Policies create very few, very expensive jobs

Sidwell Medupe’s election debate article (Business Report, April 30) refers. Just like his power plant namesake, Medupe is way off the mark. Indeed, his article serves only to highlight the failures of the ANC in government – in particular, its dismal record of creating jobs.

By his own admission, the “presidency of Jacob Zuma has spent billions of rand towards job creation”. While this might be true, on analysis it’s not a bragging point.

For instance, according to Medupe’s figures, R50.8 billion has been spent through industrial financing and incentives to create 130 642 jobs. That’s R382 725 per job. A further R20bn has been spent on the 12i tax incentive, an investment which has produced “approximately” 3 326 jobs at a cost of over R6 million per job. The ANC’s interventionist policies have created very few, very expensive jobs.

Medupe, under Zuma the government has deteriorated. Statistics reveal the worsening state of our country since he took over. In the past year alone, South Africa has added 121 000 to the ranks of the unemployed. Over Zuma’s full term as president, 1.4 million more South Africans have been added to the unemployed. Our broad unemployment rate stands at 34 percent.

South Africans have every right to ask “Where are all the jobs, Zuma?”

It’s time to address the real issues preventing job creation through policy changes that focus on creating an environment in which businesses can take the lead in growing the economy and creating jobs, and move away from the ANC’s interventionist approach. The ANC, and Medupe, should stop harking on about the New Growth Path, a clear failure, and move towards the adoption of the National Development Plan.

Through the DA’s red tape initiative, we are helping business to overcome the cost and delays associated with burdensome government bureaucracy. This programme delivers new jobs, and saves us from potential job losses, at very low cost to the taxpayer.

Because we know that receiving quality education is the first step to meaningful employment, we have dedicated over a third of our budget each year to deliver better schooling to our young learners. Since 2009, we have increased the pass rate for maths from 65 percent to 73.3 percent in 2013, and for science from 52.9 percent to 72.6 percent. We have made these, and other significant gains, in just five years in government. After another five years, the impact will be far greater.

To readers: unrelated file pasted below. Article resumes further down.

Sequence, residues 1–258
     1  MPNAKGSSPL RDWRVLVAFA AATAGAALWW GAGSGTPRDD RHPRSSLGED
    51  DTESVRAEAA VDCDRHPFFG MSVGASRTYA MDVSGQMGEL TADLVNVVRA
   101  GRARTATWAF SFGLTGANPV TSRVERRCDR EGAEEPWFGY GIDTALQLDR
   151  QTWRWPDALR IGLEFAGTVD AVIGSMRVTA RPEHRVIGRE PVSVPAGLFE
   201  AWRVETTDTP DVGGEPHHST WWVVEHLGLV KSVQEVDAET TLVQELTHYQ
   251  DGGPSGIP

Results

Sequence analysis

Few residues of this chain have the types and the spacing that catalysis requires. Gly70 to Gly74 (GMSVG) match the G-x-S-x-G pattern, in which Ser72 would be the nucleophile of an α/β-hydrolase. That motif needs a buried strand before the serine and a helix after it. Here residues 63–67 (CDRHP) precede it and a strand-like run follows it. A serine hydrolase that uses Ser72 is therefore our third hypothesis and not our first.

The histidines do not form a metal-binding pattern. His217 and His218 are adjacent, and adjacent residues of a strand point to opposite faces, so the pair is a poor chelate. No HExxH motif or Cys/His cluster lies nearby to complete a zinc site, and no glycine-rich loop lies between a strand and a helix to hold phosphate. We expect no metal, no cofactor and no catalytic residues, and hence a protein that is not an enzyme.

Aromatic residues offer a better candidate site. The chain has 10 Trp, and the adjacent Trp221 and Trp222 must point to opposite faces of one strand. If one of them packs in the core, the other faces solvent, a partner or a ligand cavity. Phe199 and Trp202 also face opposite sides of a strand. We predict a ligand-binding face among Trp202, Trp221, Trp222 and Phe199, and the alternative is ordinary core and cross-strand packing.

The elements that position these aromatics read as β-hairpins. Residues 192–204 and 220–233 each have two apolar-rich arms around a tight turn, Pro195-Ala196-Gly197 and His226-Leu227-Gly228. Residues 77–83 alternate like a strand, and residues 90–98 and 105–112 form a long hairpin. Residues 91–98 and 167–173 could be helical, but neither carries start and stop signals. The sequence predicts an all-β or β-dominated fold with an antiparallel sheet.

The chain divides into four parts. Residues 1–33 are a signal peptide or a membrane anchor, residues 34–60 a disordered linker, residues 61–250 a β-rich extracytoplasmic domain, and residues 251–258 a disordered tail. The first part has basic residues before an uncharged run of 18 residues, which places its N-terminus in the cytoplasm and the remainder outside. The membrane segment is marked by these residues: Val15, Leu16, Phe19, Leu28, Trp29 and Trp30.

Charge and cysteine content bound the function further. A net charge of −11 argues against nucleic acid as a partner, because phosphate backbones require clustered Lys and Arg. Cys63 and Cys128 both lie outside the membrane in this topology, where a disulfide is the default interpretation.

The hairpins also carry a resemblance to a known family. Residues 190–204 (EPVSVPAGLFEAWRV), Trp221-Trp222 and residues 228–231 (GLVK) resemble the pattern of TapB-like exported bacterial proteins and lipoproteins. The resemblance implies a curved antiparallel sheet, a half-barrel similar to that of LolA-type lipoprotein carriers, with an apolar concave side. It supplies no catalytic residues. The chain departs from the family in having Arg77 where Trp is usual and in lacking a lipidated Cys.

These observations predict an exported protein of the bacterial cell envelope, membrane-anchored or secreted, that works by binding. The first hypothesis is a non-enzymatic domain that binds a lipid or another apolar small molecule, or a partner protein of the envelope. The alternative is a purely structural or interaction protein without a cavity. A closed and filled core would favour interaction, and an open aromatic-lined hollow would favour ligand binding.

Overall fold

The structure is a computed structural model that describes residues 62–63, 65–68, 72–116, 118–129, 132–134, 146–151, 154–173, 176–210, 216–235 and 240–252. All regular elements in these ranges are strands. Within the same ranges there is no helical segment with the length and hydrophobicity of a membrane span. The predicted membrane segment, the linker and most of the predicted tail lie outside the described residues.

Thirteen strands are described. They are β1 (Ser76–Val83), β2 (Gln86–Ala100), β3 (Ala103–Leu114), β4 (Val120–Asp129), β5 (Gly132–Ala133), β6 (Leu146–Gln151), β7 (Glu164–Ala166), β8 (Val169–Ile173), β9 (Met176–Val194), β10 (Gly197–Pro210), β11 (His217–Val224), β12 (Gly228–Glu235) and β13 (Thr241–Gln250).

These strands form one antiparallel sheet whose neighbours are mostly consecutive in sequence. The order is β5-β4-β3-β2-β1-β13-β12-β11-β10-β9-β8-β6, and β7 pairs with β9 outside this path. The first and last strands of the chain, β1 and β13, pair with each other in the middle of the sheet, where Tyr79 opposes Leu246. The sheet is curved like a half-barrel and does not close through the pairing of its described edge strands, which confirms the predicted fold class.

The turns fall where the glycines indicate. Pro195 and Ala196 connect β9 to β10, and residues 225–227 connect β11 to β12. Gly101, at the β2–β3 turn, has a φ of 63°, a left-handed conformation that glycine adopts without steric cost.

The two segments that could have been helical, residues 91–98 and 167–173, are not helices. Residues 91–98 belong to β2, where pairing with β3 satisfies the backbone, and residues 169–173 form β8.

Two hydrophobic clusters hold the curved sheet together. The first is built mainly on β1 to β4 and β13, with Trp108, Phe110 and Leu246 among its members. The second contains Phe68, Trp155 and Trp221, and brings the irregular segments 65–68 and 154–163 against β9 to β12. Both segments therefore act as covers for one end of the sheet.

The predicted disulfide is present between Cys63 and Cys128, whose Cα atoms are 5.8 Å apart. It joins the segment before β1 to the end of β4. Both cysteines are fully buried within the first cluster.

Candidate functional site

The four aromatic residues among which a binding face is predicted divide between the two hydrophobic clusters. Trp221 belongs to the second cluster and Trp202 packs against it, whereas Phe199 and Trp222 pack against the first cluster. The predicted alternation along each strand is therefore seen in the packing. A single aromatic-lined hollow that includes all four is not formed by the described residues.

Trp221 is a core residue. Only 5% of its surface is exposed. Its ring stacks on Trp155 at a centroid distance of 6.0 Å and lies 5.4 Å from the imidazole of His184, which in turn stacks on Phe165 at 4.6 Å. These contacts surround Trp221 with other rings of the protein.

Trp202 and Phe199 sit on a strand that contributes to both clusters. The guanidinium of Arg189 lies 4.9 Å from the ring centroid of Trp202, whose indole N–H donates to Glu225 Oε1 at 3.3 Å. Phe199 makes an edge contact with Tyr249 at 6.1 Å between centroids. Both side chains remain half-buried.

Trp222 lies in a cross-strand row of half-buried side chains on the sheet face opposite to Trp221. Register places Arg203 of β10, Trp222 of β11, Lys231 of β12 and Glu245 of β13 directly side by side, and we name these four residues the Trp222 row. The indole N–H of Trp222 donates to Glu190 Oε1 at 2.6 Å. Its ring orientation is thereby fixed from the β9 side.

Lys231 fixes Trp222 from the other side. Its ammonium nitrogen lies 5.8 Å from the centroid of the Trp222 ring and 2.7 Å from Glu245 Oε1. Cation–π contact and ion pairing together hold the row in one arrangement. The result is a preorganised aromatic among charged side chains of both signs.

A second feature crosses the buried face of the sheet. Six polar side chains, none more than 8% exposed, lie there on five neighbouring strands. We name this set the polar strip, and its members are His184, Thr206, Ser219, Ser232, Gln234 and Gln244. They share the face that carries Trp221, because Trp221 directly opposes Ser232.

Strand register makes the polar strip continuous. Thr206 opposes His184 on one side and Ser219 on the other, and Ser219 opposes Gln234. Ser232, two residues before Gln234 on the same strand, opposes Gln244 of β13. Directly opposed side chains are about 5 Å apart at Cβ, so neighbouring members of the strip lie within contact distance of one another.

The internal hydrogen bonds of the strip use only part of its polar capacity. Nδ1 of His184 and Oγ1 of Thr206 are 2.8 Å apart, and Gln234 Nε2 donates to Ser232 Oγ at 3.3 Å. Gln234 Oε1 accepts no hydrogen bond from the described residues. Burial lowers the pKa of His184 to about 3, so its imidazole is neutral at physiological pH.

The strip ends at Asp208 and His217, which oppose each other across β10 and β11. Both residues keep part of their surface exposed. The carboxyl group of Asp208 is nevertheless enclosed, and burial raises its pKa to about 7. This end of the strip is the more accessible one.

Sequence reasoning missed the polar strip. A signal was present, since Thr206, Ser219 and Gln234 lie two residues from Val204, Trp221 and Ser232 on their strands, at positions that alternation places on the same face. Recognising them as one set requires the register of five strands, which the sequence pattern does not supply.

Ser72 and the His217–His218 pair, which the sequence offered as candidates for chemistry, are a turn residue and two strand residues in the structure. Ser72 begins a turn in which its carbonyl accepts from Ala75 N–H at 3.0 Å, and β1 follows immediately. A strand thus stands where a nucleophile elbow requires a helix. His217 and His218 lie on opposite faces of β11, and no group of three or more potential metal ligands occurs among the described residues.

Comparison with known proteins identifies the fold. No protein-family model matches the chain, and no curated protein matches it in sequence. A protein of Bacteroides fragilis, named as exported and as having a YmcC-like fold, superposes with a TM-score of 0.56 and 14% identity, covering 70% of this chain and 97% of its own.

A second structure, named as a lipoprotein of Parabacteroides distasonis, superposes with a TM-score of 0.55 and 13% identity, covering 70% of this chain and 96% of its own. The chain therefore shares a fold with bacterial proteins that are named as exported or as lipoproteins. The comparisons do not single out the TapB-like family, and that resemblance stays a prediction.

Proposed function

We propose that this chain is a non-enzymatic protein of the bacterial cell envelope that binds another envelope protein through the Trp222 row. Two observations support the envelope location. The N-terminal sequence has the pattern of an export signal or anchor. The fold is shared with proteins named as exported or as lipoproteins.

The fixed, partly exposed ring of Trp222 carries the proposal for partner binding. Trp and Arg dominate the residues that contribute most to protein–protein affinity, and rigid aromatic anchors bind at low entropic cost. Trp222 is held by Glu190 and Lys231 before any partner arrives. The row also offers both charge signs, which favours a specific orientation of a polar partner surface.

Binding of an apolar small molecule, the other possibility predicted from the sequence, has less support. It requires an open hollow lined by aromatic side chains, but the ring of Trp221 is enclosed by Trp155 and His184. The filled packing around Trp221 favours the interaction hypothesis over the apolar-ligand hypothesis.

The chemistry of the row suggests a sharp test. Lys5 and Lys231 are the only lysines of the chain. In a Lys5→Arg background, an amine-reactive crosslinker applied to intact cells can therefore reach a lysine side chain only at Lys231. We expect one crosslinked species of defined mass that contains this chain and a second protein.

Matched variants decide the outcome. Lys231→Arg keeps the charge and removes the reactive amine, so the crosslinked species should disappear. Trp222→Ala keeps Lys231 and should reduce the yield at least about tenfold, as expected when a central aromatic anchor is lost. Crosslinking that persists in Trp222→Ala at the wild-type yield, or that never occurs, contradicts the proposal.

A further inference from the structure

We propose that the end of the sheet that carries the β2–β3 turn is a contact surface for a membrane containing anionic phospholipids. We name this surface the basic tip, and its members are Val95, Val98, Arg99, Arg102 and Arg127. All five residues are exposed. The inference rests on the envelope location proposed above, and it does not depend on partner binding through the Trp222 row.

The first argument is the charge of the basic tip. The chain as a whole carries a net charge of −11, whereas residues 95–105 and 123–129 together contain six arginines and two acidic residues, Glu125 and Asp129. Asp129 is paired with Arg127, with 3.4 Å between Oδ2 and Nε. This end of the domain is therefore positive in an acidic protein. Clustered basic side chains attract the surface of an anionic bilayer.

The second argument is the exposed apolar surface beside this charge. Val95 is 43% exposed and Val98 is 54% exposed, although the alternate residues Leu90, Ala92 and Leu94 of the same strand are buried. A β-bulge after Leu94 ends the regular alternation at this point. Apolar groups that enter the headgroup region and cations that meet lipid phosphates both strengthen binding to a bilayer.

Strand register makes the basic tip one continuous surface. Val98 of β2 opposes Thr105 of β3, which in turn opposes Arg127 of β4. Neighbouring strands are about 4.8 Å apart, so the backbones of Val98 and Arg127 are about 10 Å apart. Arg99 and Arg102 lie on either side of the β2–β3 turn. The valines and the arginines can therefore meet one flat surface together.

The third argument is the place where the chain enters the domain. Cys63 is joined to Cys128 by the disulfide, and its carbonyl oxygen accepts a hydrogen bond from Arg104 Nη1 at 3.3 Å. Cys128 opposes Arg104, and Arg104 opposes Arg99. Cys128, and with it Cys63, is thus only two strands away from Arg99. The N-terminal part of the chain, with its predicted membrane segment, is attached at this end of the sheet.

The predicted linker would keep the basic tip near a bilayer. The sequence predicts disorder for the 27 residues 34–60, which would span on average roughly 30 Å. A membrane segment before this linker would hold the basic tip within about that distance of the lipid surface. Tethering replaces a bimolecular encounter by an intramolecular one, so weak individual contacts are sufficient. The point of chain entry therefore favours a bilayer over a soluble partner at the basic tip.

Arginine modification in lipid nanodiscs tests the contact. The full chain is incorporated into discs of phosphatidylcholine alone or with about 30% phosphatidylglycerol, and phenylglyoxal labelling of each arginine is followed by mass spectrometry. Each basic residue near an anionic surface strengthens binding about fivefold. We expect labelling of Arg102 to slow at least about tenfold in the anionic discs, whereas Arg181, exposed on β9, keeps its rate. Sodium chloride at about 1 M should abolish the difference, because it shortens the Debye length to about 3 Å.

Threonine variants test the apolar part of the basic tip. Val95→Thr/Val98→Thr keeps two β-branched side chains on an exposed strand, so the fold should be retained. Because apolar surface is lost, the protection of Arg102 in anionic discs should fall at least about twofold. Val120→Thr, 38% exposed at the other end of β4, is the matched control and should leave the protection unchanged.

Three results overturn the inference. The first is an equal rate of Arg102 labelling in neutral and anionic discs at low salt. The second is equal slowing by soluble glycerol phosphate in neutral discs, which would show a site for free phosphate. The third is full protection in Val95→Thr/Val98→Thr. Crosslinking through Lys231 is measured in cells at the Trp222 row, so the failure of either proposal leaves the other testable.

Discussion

I agree with Medupe that South Africa’s challenges are not insurmountable. Under DA governance, the Western Cape is beginning to show signs of positive change, especially in terms of its jobs figures. The DA has the power to change South Africa for the better, for all. If Medupe is switched on, he’ll vote DA on May 7.


Western Cape Minister of Finance, Economic Development and Tourism

Facts and fallacies behind SME develop

Small business ministry: the panacea for job creation? The assertions by the ANC, supported by the National African Federated Chamber of Commerce and Industry (Business Report, Readers’ Forum, April 29) and opposed by AHi (of the same date) that a small business ministry will help South Africa realise its dream of job creation of small and medium enterprises (SMEs) is premature.

The call for or against is like the metaphoric cart before the horse. Before such calls can be made we need to reflect on some basic questions, including can South African SMEs serve as engines of job creation in the economy? What are the required interventions? What roles should public and private sectors play in support of these initiatives?